Free Ky Peterson
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We demand justice for Ky Peterson, a Black transgender man incarcerated in Georgia for defending himself against transphobic sexual violence. We call upon Governor Nathan Deal and the State Board of Pardons & Paroles to pardon and release Ky Peterson now!
Ky Peterson grew up in a small South Georgia farming town. Though Ky struggled for acceptance as a transgender man, he had the love of his family. Ky worked hard to support his mom and three younger siblings and volunteered at an assisted living home and the American Red Cross in his free time.
On October 28, 2011, the life that Ky Peterson knew came to an end. Ky and his younger brothers walked to a neighborhood convenience store. After making his purchase, he waited outside for them. Ky was approached by a man who made sexual advances toward him. When Ky asked the man to leave him alone, the man uttered derogatory insults as he drove away. Ky told his brothers that he was walking home first, leaving them to follow. As he passed an abandoned trailer, the same man who had approached Ky earlier attacked him from behind. He dragged Ky into the abandoned trailer and sexually assaulted him. Ky fought back in self-defense, which ultimately led to his attacker’s death.
Ky's brothers were walking past the trailer when they heard the attack. As Ky was injured and in shock, the boys panicked and attempted to cover up the incident. The following day, when police came to question them, Ky told them about the attack. The police arrested all of them, charging them with armed robbery and first-degree murder, and threatened to charge the teens as adults.
When it became apparent that Ky was injured, the police took him to a local medical center where he was tested with a rape kit. The nurse who performed the examination confirmed that Ky had been brutally raped, yet she felt the need to point out that Ky “didn't act like a woman who had been raped.”
After Ky was examined, the police returned him to Sumter County jail where he sat for nearly a year with no word about his case. Ky should have had a Victim Advocate and received treatment for his physical and emotional injuries. Instead, Sumter County left a rape victim to rot in jail because he doesn’t present as a woman and wasn’t perceived as a victim as a trans man.
Ky’s rape kit came back positive, confirming his recent sexual assault. An autopsy performed by the Georgia Bureau of Investigation confirmed that Ky's DNA was found on the dead man's genitals. This exculpatory evidence, which proves Ky’s innocence, was ignored. Ky should have been protected under Georgia’s Stand Your Ground Law, but instead, he continues to be punished for defending his own life.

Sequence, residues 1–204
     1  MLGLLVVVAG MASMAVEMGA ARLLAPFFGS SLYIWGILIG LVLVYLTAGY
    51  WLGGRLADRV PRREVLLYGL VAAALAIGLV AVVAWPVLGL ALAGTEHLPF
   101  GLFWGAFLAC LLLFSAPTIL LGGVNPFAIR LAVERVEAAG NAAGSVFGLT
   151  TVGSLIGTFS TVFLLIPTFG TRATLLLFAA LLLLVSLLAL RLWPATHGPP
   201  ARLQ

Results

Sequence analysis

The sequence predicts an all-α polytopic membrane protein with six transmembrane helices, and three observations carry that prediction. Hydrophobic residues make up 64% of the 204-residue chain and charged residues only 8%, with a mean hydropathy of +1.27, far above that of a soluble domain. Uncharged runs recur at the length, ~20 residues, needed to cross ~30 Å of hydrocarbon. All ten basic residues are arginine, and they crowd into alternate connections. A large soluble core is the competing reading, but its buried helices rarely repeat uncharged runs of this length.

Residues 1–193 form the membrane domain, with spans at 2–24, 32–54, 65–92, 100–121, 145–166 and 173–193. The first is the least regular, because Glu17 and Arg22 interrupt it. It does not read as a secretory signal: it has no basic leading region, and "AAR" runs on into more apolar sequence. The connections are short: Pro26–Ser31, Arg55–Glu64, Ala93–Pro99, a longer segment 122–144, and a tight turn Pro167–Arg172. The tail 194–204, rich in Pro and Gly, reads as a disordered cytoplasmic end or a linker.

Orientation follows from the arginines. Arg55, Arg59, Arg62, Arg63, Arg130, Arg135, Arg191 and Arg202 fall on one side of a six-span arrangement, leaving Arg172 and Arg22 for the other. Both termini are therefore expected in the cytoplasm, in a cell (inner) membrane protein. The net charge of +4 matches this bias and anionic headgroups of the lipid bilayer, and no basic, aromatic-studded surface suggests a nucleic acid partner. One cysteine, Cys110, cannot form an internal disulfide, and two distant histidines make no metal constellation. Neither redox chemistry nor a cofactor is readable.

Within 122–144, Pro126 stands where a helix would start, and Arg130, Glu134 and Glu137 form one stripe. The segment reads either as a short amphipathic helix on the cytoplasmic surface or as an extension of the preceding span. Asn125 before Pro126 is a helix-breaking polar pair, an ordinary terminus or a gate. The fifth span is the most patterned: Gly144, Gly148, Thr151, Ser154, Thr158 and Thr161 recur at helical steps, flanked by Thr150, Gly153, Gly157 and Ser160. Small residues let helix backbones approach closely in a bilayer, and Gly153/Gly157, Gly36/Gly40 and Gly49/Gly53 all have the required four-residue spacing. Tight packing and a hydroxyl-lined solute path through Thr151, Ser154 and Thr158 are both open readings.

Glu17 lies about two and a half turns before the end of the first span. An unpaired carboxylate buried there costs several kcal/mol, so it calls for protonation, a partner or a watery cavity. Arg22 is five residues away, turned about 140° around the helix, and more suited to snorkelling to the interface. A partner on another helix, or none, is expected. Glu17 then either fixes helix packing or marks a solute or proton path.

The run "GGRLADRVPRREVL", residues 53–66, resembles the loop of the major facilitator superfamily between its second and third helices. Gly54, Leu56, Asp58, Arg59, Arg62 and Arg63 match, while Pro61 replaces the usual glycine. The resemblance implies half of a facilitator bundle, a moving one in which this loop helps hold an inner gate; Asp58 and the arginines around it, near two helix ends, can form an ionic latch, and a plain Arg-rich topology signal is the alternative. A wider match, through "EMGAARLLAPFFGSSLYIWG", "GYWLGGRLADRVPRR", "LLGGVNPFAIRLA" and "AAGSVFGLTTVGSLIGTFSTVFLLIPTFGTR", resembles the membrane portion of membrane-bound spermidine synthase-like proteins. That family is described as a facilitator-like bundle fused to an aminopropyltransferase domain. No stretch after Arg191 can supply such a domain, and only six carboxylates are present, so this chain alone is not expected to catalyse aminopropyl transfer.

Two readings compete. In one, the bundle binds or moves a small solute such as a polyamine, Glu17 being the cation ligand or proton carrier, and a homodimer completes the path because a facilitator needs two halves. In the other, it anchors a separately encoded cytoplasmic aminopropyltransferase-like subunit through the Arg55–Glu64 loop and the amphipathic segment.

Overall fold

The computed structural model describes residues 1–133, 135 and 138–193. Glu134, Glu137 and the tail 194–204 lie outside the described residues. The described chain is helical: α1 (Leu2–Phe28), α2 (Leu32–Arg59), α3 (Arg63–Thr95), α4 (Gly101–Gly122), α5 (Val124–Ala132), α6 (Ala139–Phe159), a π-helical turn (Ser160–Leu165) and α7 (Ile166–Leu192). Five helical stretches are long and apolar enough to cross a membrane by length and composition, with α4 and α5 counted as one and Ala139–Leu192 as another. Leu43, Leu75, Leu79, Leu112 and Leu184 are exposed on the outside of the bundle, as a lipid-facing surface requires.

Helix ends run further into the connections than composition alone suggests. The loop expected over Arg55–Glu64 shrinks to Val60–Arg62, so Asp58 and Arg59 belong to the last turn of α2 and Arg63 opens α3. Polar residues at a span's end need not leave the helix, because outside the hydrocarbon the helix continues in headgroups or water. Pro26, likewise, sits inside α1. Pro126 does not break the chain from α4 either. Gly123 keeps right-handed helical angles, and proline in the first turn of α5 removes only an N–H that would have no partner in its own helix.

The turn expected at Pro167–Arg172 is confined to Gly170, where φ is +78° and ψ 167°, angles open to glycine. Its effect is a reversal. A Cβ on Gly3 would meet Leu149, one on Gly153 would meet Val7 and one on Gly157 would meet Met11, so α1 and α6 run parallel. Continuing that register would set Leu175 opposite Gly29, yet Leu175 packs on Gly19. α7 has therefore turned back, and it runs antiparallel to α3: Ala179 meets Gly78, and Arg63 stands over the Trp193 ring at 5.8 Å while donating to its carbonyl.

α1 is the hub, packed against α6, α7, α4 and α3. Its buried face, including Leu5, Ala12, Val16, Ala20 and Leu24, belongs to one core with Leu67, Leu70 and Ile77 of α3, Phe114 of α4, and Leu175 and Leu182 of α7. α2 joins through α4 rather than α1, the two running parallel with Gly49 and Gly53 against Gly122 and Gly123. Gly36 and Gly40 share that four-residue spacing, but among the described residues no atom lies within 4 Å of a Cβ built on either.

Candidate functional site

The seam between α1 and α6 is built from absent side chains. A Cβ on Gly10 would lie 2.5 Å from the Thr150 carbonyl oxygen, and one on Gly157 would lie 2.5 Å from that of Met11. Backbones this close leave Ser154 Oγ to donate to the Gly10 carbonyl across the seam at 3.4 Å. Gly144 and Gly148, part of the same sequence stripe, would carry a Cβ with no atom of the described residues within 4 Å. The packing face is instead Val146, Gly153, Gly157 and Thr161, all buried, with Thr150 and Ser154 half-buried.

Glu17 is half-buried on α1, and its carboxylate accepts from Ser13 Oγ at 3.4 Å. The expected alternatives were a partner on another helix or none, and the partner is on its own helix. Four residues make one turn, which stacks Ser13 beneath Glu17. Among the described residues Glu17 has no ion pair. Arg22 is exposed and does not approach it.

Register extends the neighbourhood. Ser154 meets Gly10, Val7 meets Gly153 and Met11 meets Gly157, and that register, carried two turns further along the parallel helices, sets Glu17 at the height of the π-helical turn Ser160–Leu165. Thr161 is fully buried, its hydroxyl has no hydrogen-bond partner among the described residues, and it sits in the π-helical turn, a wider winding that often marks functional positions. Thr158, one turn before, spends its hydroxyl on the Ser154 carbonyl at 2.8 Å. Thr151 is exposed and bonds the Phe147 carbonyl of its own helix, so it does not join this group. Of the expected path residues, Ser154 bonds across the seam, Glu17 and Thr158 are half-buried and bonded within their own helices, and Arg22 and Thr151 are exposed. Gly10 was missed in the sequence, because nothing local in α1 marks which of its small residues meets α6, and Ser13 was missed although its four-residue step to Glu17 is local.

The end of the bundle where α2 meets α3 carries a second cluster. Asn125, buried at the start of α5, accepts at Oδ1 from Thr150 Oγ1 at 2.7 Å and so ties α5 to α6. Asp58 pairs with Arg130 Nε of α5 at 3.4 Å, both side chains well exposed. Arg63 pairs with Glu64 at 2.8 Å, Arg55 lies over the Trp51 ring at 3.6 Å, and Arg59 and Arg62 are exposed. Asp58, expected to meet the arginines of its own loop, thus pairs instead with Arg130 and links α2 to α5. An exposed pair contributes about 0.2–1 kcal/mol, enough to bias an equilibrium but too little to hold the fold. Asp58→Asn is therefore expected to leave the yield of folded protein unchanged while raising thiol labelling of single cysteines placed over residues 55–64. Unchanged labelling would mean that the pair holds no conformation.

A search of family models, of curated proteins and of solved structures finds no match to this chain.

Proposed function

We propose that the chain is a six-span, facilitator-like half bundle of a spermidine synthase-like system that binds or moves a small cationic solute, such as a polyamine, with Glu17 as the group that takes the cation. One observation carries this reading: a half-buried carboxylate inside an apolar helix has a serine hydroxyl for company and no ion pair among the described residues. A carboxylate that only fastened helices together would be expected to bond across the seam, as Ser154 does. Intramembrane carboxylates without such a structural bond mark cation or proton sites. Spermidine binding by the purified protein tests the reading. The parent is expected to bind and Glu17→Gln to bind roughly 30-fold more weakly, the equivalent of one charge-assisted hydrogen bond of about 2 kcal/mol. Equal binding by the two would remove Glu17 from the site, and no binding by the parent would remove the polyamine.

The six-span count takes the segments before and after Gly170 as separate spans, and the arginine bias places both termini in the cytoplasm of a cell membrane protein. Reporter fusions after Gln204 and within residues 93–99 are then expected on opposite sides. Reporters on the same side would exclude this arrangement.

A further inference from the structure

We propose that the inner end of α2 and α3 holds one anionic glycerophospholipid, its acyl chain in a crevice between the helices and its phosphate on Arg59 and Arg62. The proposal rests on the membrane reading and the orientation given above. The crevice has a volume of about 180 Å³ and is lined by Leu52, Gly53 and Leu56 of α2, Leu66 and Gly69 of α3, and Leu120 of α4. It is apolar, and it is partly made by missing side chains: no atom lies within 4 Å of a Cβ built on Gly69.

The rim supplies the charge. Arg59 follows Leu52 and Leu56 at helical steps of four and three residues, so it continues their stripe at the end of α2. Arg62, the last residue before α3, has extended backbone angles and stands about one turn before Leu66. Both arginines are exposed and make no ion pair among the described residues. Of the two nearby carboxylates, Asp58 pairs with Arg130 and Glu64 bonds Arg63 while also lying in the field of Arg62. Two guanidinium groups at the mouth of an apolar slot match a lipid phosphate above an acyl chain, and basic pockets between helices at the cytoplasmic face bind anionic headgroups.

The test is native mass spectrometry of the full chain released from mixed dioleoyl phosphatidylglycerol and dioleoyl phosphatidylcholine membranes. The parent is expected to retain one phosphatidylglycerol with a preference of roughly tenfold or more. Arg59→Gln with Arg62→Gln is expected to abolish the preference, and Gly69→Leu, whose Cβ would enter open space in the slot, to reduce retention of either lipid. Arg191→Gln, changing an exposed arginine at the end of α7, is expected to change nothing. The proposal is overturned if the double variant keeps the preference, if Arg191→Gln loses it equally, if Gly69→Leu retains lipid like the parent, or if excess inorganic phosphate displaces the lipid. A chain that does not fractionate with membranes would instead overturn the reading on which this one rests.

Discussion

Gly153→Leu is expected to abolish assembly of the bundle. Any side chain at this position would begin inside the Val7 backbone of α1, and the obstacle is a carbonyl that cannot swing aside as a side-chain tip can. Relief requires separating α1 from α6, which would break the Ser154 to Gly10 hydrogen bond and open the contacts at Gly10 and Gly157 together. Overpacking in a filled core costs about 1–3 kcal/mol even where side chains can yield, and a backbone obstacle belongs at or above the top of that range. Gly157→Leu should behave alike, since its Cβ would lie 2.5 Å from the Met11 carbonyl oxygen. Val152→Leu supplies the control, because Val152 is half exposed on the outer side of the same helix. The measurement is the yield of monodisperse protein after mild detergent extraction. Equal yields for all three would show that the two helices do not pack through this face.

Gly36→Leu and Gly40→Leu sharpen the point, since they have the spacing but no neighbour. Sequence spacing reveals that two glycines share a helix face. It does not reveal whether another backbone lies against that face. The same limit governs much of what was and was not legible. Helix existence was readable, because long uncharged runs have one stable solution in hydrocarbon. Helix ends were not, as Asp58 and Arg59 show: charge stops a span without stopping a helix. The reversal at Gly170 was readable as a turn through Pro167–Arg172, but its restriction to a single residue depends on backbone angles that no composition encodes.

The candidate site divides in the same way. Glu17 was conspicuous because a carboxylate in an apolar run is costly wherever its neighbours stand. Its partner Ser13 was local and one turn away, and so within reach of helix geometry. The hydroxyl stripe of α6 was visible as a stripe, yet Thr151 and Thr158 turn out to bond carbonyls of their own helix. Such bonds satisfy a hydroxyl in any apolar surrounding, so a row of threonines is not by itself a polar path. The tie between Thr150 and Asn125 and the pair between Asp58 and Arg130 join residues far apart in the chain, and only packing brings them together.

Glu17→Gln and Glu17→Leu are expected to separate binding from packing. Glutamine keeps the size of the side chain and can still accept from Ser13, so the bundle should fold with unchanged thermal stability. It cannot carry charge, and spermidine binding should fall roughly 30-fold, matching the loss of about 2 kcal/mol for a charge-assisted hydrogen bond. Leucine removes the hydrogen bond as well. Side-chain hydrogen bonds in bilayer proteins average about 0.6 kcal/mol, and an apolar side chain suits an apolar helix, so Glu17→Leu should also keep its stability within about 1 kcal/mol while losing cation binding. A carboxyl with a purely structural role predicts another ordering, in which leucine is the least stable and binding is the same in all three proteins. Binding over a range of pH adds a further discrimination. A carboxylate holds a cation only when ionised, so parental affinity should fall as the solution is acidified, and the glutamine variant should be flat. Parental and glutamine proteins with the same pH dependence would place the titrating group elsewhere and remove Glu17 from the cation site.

When asked by The Advocate why Ky was not permitted to plead self-defense, Ky's public defender recounted telling him, "Number One, you're African-American.” He continued that Ky appeared “stereotypically gay,” arguing against a Stand Your Ground defense because “that's two strikes against us from the get-go.” Eventually, the county reduced Ky’s charge to involuntary manslaughter, offering a plea “bargain” of 20 years -- a sentence 10 years longer than Georgia law mandates. Like many caught in the Georgia legal system, Ky was bullied into signing this plea “deal.” Ky was criminalized by the racism of his public defender, transphobic treatment from the hospital, the unlawful sentence, and countless negligent actions of Sumter County, including prosecutorial misconduct, selective prosecution, and ineffective counsel.
Ky has suffered tremendous injustices due to racial and gender biases. We ask Governor Nathan Deal and the State Board of Pardons & Paroles to pardon and release Kyle Peterson, who continues to suffer dehumanizing treatment from prison staff for being openly transgender. Over the last 3 years, Ky has publicly shared his story to help raise awareness and visibility for the victims of transphobic sexual violence. With the help of our friends in the media, and organizations like TRANScending Barriers Atlanta, Survived And Punished, Black & Pink, and Southerners on New Ground, we are thankful to have gained supporters across the globe. If he is pardoned and released, Ky hopes to build a future in trans advocacy by continuing to share his story and fighting for victims’ rights.
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